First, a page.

Didn't have breasts, did she? Ah, come on, and even after you saw “Kick Ass.”
Before Sigourney Weaver fought off the last of the “Alien” monstrosities, there was superbad Pam “Foxy Brown” Grier. But prior to '70s blaxploitation and 1979's “Alien,” most tough women in film delivered lashes with a tongue, not a whip.
Maybe it's chauvinism; maybe biology. Men do tend — on the whole — to be larger and more muscular. Maybe it's that adventure audiences have typically been adolescent male. Which suggests that they might not be against seeing a strong woman in action. As long as she's hot, anyway. I don't see the female equivalent of Danny Trejo popping up anytime soon.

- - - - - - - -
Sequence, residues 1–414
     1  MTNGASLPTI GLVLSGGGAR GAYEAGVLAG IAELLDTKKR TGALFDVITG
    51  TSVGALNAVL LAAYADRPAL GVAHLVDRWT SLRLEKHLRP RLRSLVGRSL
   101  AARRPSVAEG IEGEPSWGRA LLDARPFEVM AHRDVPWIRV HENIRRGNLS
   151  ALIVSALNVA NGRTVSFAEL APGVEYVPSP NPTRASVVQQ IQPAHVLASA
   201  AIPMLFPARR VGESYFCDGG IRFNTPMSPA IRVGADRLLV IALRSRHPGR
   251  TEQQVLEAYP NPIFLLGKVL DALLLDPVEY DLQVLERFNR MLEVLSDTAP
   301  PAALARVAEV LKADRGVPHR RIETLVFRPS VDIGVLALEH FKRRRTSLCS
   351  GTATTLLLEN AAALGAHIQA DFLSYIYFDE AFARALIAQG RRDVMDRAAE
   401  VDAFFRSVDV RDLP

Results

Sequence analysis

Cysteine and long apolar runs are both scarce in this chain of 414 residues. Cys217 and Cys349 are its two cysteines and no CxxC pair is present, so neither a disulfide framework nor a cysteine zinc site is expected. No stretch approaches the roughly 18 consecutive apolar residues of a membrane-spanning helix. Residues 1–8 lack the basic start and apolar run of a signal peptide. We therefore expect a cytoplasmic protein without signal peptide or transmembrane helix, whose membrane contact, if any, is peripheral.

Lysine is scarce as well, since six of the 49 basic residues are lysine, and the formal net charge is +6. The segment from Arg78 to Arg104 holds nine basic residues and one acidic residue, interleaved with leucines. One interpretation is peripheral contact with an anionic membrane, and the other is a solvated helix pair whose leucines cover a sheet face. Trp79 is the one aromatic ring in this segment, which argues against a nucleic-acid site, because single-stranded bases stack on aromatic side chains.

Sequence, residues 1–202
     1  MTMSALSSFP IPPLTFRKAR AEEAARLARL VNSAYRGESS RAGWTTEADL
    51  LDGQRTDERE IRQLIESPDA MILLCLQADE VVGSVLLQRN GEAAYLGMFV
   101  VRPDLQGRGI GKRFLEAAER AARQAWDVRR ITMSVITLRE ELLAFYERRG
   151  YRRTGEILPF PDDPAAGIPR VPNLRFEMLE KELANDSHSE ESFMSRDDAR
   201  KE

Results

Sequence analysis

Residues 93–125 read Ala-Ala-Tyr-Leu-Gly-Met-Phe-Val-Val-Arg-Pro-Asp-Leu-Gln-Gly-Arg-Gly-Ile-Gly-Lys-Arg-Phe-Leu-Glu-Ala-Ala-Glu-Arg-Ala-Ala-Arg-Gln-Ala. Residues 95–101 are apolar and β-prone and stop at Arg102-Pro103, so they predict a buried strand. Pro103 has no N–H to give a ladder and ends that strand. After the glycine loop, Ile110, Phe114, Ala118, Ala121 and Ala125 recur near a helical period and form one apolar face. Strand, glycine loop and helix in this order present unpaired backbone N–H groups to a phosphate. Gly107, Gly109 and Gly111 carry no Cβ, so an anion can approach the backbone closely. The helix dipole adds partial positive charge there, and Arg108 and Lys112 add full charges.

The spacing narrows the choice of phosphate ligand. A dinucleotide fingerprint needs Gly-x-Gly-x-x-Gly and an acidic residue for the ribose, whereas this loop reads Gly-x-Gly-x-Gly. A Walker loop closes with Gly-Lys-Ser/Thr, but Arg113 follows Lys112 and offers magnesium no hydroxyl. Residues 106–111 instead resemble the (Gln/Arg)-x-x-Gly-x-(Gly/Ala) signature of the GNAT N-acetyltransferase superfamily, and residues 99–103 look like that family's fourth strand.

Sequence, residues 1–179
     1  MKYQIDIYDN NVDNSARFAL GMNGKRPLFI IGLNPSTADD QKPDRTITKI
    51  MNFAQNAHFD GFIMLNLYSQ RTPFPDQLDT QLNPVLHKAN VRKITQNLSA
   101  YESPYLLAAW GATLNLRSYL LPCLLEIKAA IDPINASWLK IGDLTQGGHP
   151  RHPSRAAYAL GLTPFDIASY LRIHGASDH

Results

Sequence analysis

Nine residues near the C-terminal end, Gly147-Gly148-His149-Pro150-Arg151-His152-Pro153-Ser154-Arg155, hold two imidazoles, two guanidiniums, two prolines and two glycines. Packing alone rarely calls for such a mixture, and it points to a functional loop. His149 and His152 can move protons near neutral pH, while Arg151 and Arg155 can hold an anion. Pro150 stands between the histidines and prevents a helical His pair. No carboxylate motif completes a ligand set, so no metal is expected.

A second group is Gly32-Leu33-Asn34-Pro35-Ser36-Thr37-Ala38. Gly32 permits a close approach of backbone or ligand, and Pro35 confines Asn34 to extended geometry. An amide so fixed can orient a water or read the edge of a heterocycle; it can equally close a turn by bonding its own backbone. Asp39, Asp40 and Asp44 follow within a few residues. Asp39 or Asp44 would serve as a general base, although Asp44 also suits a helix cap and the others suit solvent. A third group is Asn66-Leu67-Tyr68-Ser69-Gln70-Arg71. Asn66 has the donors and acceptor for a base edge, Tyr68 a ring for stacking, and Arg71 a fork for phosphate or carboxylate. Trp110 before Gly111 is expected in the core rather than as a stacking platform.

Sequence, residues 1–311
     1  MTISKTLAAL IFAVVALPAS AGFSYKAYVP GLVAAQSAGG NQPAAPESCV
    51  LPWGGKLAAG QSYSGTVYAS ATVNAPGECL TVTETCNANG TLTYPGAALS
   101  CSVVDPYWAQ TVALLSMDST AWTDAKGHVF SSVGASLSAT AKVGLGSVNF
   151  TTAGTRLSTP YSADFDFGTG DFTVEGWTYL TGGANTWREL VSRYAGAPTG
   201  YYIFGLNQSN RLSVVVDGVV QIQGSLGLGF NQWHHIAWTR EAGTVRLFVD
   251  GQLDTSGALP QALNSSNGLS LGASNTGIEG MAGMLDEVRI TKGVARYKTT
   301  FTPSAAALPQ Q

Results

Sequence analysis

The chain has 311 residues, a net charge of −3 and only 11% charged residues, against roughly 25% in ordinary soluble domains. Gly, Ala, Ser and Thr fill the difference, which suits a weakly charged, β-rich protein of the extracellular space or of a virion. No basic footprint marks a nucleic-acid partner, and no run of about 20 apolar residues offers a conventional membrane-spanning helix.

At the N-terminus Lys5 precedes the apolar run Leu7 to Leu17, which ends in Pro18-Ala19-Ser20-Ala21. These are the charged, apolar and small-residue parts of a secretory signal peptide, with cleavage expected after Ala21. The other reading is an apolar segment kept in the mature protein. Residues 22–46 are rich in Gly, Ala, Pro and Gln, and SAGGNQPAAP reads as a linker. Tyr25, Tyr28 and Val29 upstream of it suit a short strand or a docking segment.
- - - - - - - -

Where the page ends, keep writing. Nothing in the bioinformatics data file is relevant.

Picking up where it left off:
Some enjoy less-sporadic forays into violence.
Lucy Lawless may have been the first crossover female action hero on TV, wrapped in leather and rage for “Xena: Warrior Princess.” Guys watched that show. Girls watched that show. Lesbians really watched that show. She later became a key fuel in the mid-series boost for the re-imagined “Battlestar Galactica,” as a manipulative, charming Cylon.